- Is your instrument optimized?
In a recent blog we explored the importance of instrument optimization for ICP-OES and ICP-MS, but all instruments should be frequently checked to confirm they are operating as expected. Preventive maintenance and appropriate start up and shut down SOPs are key to the integrity of analysis.
- How should you calibrate your instrument?
If you are following a standard method, calibration points might be recommended, however, you must also consider the expected levels of your specific samples when designing your calibration curve. Other best practices to consider include:
- Don’t bracket your calibration curve too tightly around your samples expected levels
- Match the matrix of your calibration standards to that of your samples to improve accuracy
- Include a check standard in your run schedule
It is also important to be sure you have a high-quality calibration blank! Purchasing a CRM with a certificate of analysis that includes a trace scan can give you confidence in your blank.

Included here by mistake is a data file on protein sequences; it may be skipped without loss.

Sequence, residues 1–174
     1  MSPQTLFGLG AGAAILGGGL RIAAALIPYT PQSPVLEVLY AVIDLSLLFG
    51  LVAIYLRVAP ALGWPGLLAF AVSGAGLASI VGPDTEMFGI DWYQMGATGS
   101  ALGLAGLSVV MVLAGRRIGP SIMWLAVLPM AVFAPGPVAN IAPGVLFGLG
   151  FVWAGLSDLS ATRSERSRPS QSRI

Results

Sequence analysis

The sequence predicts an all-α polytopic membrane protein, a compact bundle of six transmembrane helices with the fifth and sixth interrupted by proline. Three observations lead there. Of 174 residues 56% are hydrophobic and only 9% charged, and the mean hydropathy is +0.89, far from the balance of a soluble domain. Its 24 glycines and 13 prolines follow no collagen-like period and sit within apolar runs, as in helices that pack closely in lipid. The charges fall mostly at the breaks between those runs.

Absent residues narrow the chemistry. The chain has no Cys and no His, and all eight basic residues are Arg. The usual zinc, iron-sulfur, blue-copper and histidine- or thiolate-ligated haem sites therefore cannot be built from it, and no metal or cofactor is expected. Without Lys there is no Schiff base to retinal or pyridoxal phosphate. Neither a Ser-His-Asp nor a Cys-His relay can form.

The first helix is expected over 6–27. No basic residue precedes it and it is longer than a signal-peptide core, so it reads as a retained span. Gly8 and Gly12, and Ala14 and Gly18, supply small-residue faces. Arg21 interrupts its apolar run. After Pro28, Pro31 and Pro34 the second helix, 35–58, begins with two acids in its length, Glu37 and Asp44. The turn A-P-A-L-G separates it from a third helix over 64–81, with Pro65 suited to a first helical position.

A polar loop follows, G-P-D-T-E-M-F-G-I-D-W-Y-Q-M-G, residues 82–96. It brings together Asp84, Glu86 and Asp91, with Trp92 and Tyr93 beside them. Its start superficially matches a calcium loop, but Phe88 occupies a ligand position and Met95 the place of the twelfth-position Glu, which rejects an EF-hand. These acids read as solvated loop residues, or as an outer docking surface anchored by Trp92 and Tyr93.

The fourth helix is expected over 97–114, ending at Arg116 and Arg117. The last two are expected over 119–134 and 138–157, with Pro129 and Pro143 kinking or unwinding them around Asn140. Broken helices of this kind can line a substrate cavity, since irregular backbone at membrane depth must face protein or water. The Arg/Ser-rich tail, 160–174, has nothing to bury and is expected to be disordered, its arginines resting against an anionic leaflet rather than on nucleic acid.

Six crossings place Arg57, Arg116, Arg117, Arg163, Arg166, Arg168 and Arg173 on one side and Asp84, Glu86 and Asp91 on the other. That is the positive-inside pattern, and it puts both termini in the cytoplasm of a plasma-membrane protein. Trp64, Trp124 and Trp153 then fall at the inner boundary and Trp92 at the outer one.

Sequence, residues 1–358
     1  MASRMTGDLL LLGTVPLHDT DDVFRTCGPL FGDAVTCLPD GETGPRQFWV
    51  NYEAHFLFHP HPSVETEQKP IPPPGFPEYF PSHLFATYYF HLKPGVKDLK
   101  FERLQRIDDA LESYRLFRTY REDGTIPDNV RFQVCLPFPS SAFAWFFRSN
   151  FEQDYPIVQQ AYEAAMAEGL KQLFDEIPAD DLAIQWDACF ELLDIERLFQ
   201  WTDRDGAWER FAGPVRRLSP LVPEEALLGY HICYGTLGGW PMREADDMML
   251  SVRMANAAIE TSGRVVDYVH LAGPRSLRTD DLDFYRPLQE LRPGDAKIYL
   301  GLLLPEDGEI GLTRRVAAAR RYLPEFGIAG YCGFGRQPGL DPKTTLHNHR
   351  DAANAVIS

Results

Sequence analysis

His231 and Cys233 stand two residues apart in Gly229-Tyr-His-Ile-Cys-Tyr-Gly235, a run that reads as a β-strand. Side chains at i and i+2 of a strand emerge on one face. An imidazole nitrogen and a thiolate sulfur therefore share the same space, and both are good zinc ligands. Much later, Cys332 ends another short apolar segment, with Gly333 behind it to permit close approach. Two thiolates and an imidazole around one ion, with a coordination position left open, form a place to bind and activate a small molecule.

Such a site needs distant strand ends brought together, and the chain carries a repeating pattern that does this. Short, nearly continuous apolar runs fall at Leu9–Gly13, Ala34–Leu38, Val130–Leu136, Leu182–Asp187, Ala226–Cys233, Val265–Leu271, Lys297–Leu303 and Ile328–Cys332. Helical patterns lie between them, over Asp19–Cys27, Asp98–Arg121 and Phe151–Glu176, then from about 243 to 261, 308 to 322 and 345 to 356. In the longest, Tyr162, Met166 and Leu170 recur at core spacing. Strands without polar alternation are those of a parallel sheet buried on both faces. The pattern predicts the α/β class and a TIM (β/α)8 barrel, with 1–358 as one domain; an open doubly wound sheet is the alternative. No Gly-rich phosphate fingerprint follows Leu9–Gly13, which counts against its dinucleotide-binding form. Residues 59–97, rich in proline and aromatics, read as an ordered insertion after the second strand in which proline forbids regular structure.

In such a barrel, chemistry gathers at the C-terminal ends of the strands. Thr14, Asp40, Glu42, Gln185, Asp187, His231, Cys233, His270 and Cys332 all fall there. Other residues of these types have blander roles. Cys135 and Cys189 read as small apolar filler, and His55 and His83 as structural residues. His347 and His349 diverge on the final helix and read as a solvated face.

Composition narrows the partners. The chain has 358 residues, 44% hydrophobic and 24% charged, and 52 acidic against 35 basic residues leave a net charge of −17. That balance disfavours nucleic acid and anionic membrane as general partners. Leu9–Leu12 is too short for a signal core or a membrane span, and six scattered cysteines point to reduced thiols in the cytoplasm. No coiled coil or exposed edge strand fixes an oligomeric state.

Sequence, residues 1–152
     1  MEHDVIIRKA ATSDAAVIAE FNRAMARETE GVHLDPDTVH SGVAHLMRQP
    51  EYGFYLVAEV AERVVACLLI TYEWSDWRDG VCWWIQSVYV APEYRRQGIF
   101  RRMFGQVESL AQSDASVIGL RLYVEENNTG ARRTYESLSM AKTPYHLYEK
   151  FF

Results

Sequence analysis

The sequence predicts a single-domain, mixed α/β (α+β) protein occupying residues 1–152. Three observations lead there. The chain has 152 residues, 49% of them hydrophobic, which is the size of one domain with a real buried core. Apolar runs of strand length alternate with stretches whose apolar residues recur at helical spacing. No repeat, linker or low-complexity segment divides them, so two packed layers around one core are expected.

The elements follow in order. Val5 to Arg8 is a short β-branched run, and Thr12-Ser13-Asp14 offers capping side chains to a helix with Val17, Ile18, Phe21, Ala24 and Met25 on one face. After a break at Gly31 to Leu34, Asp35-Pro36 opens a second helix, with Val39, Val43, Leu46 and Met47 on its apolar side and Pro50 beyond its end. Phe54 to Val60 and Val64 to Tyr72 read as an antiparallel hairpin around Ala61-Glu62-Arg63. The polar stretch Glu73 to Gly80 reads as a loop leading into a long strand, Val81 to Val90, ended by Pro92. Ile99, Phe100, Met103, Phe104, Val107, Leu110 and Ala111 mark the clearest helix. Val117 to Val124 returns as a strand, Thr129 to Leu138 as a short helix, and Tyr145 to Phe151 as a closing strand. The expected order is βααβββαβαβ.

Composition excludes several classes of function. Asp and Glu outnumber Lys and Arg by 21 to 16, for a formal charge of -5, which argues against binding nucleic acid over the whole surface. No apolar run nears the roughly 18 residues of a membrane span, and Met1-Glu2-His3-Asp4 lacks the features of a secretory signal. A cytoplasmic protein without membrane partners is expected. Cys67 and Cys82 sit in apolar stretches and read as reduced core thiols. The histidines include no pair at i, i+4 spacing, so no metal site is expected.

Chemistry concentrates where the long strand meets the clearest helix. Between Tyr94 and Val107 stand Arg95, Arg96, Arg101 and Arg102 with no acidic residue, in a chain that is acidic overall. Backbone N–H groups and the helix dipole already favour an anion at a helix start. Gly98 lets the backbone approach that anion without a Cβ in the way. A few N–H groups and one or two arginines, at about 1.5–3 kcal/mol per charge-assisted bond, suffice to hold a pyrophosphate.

- What is the best way to prepare your samples?
Top goals of sample preparation include bringing the sample to a suitable form for your instrument/ technique, ensuring sample homogeneity, and to manage potential interference's resultant from the sample’s original form. Equally important is considering the quantity sample preparations and rate of throughput required for your lab. While there are many methods for sample analysis, some preparation techniques offer additional advantages in terms of speed and number of samples that can be prepared at once.
How do you prepare your instrument and samples for analysis? Share your best practices in the comments!